Qualitative Methods and the Study of Civil War

Please note: This page refers to a course that has already taken place.

Time:

29 Apr 2013 - 03 May 2013

Place:

PRIO, Hausmanns gate 7, Oslo

Organizer:

Jeffrey T. Checkel, Simons Chair, Simon Fraser University; Research Professor, PRIO

Credits:

10 ECTS

Contact:

Lecturers:

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Course Description:

This course is about the application of qualitative methods to the study of civil war.  It begins with an overview of the cutting edge in qualitative methods, intentionally casting its epistemological net broadly.  We thus assess methods inspired by positivism (case studies, process tracing) and those more interpretative in nature (discourse analysis, ethnography, textual analysis) - the goal being to provide students with a robust set of tools for explaining and understanding the dynamics of civil war.  The course also reviews the promise (and pitfalls) of methodological pluralism or so-called mixed methods.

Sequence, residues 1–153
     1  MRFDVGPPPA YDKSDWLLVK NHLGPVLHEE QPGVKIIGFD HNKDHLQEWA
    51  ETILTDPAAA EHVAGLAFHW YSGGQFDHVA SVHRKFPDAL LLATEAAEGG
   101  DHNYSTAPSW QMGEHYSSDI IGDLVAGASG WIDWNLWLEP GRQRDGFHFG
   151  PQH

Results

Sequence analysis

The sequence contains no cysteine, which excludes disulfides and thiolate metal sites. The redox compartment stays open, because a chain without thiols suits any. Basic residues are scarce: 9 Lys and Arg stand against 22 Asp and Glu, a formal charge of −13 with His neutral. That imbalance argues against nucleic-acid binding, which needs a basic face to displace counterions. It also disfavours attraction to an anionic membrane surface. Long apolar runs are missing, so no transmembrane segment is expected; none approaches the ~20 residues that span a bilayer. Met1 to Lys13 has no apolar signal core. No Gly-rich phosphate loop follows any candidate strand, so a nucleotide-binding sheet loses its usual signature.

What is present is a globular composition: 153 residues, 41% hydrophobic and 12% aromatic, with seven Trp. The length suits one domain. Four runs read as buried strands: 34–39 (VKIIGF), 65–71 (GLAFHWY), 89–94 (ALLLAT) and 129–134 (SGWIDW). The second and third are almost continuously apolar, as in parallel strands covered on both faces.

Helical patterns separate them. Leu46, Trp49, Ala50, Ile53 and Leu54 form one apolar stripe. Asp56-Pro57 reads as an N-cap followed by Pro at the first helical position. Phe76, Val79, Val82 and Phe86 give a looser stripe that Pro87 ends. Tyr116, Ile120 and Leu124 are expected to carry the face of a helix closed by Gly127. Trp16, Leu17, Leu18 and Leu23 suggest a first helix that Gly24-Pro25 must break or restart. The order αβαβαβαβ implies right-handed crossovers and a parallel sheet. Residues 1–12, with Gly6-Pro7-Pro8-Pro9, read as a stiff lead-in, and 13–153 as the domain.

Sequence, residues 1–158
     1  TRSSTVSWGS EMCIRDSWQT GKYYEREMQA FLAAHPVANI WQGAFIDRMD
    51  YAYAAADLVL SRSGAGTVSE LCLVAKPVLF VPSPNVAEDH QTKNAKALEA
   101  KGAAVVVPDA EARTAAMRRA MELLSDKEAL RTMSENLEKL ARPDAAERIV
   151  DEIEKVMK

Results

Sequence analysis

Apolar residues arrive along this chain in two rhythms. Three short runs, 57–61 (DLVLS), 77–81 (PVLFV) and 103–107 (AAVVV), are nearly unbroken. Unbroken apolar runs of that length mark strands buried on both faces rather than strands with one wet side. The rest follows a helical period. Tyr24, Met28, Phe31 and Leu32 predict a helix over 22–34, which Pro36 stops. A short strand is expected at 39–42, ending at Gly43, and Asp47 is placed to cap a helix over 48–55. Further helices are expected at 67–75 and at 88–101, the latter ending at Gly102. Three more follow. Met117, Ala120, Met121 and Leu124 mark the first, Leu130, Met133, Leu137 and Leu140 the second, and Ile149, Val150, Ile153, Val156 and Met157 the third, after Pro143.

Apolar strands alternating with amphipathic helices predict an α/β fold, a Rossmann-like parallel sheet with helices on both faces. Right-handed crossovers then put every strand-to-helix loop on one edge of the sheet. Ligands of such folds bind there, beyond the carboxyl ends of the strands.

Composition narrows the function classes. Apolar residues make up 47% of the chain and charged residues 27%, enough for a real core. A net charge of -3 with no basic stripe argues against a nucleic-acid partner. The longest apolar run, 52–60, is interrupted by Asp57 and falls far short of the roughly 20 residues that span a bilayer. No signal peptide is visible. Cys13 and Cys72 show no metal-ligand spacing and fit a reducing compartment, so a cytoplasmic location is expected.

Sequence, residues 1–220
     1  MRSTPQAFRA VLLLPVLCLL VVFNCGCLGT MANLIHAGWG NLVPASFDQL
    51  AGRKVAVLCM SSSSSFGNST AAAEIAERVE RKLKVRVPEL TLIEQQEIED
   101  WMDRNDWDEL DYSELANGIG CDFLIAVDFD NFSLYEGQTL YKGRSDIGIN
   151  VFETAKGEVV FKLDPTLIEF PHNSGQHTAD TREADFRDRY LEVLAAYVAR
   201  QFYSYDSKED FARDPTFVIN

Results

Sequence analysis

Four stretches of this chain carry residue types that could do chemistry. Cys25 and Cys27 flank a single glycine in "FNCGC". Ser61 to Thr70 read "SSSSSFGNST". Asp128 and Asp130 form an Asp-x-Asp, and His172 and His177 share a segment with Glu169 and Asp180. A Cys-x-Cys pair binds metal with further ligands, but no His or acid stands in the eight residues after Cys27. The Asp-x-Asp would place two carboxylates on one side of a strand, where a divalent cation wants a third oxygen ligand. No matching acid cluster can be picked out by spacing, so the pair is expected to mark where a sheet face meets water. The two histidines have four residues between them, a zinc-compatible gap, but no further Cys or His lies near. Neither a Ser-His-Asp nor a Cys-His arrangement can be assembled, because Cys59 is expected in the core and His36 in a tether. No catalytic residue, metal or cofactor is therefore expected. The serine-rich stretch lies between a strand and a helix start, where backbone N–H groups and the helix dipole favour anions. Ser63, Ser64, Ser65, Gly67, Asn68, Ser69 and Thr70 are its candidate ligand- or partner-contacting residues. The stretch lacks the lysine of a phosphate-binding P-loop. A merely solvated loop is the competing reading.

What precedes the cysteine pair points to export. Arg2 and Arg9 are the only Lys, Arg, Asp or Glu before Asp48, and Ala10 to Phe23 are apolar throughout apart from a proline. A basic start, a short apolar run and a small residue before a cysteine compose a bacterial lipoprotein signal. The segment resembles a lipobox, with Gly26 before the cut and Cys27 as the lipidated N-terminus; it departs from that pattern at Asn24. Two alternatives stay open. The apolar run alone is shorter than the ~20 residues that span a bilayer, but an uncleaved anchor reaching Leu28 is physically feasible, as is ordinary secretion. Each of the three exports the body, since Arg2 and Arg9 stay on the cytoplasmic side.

The stage set, we then explore applications of qualitative and mixed methods to the study of civil war.  Our focus is not so much what these studies say about civil conflict; rather, we assess their use of qualitative methods.  What slippage occurs (and why) between the abstract methodological ideal and real world applications? What counts as good process tracing in the context of civil war?  What are the special challenges of employing mixed methods, and can or should one mix methods across epistemological boundaries? 

The course thus operates at two levels – data and epistemology.  On the former, we explore the strengths and weaknesses of various qualitative methods, and how they shape and influence data collection in the special context of civil war.  Epistemology brings us to the more foundational level of ‘how we come to know.’  How does one’s epistemological position influence methodological choice, and why might this matter for students of civil war? ​

Schedule: